Only two words describe why Illinois sophomore guard Ayo Dosunmu returned to the Fighting Illini this season: unfinished business.
Being a Chicago native from Morgan Park, Dosunmu’s reason for staying home was to help coach Brad Underwood turn the university’s basketball program around.
“I just want to bring good days back for basketball at Illinois, and I want to be one of the cornerstones to start it off,” Dosunmu told NBC Sports Chicago.
Having not gotten to the NCAA tournament since 2013 or past the third round since 2005, Illinois certainly needed someone to bring life back to its basketball program.
During his freshman season, Dosunmu became the first true freshman in Illini basketball history to lead the team in scoring, putting up 13.8 points per game. Despite being named to the All-Big Ten Freshman team as well as an honorable mention for the All-Big Ten team, Dosunmu’s individual success did not translate into team success.
The Fighting Illini were 11th in the conference with a 12-21 record and were just 7-13 against conference opponents.
With individual statistics placing him as high as 25th overall on boards prior to the 2019 NBA draft, Dosunmu could have easily entered the league as a first-round pick. Instead, he took to Twitter on April 18, 2019, to remind Illini nation of the promise he made to get Illinois to March Madness.
— Mr WhyNotMe (@AyoDos_11) April 18, 2019
Returning with a sense of purpose, Dosunmu took hold as the Fighting Illini’s lead guy this season. As he grew, so did the team.
He improved his statistical output to 16.6 points, 4.3 rebounds and 3.3 assists on 48.4 percent from the field and 29.6 percent from behind the arc. He also led the Fighting Illini to a 21-10 mark, which was the program’s best record since 2012-2013. This more than likely would have put them in the NCAA tournament if not for the season’s cancellation due to COVID-19.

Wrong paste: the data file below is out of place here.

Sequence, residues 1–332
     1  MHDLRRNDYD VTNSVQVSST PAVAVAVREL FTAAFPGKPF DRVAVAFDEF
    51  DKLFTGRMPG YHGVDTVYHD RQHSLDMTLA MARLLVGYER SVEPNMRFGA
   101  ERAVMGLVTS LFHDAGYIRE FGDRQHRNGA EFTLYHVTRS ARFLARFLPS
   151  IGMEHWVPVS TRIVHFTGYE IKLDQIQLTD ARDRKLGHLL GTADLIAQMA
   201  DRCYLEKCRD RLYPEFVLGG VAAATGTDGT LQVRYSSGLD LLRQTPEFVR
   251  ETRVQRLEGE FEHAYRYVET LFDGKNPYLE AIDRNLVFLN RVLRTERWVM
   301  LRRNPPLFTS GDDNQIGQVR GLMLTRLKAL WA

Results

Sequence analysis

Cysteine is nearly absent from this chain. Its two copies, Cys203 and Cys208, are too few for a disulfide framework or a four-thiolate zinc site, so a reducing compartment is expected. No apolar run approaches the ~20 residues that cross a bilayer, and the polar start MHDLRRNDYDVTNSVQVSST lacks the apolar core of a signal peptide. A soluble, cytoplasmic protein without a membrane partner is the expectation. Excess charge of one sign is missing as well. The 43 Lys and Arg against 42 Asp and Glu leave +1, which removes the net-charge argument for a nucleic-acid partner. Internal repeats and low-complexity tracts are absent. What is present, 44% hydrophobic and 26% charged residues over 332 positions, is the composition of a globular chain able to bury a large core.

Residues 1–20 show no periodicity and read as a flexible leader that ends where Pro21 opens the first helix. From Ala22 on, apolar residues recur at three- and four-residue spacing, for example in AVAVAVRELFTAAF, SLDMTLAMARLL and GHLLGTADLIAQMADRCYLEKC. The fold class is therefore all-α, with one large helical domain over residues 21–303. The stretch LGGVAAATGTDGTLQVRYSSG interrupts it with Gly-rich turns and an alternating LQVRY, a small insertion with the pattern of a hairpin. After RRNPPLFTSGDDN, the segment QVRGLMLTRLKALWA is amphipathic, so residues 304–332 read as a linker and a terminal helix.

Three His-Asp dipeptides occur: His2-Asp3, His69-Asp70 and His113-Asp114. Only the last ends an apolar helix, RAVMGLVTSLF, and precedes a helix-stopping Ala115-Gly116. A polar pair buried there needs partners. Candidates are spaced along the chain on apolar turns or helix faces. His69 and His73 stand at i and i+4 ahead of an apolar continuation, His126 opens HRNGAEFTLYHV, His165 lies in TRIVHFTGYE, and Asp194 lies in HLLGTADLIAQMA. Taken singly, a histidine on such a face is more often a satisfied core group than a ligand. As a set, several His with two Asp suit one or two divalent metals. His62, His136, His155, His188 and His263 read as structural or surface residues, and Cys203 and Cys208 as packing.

Dosunmu changed his shot selection from his freshman to sophomore season, increasing his two-point attempts from 7.3 to 10.2 per game while decreasing his three-point attempt from 4.4 to 3.3. This also put more emphasis on his ability to create space for himself in the mid-range and to be athletic around the rim, which is where he thrives the most.
Standing at 6’5” and 185 lb. with a 6’8.5” wingspan, Dosunmu has an aggressive driving style with strong finishes at the basket. Nonetheless, he often settles for his go-to mid-range jumper when caught in traffic.
As one of the nation’s best players in transition, along with his knack for stepping up in the clutch, he looks like he can be a reliable scorer at the pro level.
Carrying the Illini offense, Dosunmu scored 15 or more points in 23 of the team’s 31 games this season, including eight games with 20-plus. He notched a career-high 27 points and seven rebounds to beat Michigan. That win included hitting a tough contested jumper with 0.5 seconds left to give them the 64-62 victory.
Known for his hard-working attitude and determination, Dosunmu’s last game may have been his best impression for NBA scouts.
He logged a season-high 40 minutes while posting 17 points, eight assists and seven rebounds in a 78-76 win against the conference rival Iowa Hawkeyes (who were ranked No. 18).
Dosunmu stepped up in the closing moments, going iso and turning into a fallaway jumper that put the Illini up by four with 31 seconds left in the game.